Friends and strangers bake for me, they lend me books, they give up their seats on the bus, they give me old baby clothes, they tell me how good I look, they carry my bag and open doors for me. Our new neighbour offered us his car anytime we need it. He takes our bins down to the road and hauls them back up the steep driveway. An Italian cleaning lady at work fawned over my “Bambino”. My pregnant sister lugged over a baby capsule to lend us, even though she was sick and tired. Colleagues have offered to arrange a baby shower. Others who live nearby have asked if they can do the groceries for me. Surly teens let me hop on the bus first. I have never known such good fortune and happiness.
Part of that happiness also comes from new exposure to harmless freaks, who think they are being kind, but are really being harmless freaks. There was the bikie standover man who literally stood over me in court one day and said how awesome it must be to use my belly as a desk. A strange man passed me a note saying: “Marriage and children are the greatest. All the best : )”. A taxi driver told me I must be having a boy because his wife was beautiful when she was pregnant with their son, but “ugly as” when she was pregnant with their daughter. A man in an elevator said he would pray for me. Another man in an elevator tried to make me promise I wouldn’t call the baby Diana. A now convicted criminal told me from the dock that I looked good - she had looked like a “baby elephant” when she was pregnant.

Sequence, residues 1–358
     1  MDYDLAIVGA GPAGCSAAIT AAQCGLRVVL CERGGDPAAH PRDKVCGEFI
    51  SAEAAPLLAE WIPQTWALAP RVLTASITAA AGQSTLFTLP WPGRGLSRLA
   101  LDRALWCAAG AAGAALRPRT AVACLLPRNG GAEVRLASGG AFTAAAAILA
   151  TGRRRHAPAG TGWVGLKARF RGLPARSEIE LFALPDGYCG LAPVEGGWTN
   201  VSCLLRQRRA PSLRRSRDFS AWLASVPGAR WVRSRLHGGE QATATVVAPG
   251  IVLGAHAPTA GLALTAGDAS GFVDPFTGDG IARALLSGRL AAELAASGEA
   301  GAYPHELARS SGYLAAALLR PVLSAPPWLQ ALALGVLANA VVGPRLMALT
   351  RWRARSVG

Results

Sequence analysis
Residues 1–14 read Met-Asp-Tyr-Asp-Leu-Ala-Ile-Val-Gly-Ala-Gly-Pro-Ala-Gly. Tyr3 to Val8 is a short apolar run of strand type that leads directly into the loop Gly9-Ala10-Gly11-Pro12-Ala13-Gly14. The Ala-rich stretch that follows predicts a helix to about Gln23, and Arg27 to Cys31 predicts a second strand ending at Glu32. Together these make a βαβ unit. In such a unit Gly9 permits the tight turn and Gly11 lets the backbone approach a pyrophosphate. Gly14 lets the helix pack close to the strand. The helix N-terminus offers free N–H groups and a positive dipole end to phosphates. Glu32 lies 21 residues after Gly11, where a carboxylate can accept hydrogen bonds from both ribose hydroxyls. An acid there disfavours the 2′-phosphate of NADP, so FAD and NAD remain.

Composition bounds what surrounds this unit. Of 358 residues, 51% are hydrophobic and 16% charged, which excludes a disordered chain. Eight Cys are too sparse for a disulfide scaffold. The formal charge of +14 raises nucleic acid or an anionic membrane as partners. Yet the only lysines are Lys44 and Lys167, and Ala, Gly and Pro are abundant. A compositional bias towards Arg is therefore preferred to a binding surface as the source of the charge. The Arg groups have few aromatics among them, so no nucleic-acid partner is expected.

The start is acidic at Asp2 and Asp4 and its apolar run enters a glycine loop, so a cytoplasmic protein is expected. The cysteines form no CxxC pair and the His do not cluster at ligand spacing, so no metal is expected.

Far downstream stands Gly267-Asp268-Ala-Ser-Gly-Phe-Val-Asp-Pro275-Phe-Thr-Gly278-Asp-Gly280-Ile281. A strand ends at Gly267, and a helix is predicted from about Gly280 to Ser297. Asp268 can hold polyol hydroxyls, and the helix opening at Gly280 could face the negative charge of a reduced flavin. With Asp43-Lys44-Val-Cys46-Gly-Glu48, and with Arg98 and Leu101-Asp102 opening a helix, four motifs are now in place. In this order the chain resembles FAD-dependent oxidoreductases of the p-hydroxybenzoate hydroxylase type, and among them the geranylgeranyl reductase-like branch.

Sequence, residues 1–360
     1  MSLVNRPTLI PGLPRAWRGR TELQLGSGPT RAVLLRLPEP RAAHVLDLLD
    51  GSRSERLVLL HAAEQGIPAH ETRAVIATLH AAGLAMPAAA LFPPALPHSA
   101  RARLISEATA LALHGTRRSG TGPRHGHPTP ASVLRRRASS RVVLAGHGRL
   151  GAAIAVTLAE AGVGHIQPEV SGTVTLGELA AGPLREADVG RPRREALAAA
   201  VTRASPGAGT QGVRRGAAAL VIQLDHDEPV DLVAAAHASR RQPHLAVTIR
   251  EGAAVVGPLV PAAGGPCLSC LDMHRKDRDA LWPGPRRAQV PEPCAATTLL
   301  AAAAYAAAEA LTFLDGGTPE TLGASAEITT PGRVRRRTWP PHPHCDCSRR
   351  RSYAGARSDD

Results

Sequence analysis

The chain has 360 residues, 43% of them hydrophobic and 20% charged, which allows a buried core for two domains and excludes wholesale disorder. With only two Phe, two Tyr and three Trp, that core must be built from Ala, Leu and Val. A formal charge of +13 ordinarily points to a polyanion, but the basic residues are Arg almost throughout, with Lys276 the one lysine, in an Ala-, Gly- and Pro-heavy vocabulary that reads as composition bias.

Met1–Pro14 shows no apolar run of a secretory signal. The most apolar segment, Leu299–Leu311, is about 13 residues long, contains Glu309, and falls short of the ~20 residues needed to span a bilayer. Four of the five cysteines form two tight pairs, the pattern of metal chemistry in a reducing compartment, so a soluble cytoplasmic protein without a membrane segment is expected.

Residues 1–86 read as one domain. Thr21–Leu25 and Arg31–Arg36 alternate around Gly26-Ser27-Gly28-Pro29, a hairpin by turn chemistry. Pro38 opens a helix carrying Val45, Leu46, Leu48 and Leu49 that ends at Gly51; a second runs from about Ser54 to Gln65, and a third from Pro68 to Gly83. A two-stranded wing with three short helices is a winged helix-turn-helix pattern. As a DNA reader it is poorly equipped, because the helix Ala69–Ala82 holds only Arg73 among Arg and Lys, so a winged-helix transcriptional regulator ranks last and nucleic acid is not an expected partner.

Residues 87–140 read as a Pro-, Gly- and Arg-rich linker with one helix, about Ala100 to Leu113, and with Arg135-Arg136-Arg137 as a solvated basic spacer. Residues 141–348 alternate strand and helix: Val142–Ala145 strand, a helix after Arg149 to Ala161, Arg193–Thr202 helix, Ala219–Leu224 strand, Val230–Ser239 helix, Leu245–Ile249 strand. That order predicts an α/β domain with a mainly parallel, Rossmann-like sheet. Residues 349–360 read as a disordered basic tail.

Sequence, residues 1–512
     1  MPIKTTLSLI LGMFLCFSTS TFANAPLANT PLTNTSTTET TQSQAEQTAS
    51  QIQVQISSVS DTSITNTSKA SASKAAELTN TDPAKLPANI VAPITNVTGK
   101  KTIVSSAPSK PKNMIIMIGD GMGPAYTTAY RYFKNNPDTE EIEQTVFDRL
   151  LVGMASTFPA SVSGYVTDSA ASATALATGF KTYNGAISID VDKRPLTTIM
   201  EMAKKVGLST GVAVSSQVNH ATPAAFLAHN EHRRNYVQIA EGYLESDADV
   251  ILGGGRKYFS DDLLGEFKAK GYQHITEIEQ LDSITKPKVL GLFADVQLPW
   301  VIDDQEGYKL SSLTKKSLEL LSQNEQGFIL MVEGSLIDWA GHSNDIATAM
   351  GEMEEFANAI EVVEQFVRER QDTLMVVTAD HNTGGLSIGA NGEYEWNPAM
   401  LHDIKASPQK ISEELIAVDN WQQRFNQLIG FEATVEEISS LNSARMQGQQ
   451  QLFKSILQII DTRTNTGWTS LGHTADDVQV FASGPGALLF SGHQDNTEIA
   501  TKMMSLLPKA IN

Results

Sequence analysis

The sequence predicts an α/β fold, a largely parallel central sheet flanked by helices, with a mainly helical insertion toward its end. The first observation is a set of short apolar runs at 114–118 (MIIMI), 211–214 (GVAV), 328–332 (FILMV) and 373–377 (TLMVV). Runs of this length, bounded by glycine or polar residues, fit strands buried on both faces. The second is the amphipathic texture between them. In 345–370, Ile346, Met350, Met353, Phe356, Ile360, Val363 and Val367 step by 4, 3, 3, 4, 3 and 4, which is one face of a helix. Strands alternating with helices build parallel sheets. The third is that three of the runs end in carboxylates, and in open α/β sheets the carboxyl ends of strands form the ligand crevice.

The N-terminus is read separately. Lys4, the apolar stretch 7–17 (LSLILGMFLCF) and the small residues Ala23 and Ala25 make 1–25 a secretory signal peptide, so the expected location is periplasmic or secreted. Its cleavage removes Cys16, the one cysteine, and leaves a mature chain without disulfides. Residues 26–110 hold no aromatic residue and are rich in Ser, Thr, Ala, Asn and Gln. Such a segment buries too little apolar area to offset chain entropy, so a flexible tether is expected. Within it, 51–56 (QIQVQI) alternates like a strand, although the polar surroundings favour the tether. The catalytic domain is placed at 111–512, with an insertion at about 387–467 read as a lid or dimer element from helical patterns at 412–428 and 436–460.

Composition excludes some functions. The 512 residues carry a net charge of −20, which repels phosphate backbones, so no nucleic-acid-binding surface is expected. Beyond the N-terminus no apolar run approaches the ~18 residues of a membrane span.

It makes me wonder, what will be left in my life once I have the baby?